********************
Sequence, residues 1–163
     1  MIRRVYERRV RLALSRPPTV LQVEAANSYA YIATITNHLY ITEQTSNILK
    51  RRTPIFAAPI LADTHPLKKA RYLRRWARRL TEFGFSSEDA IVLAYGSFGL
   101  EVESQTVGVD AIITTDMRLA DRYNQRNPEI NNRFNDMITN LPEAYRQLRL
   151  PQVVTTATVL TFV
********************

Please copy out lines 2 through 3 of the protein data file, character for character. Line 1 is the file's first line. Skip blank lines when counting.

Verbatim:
     1  MIRRVYERRV RLALSRPPTV LQVEAANSYA YIATITNHLY ITEQTSNILK
    51  RRTPIFAAPI LADTHPLKKA RYLRRWARRL TEFGFSSEDA IVLAYGSFGL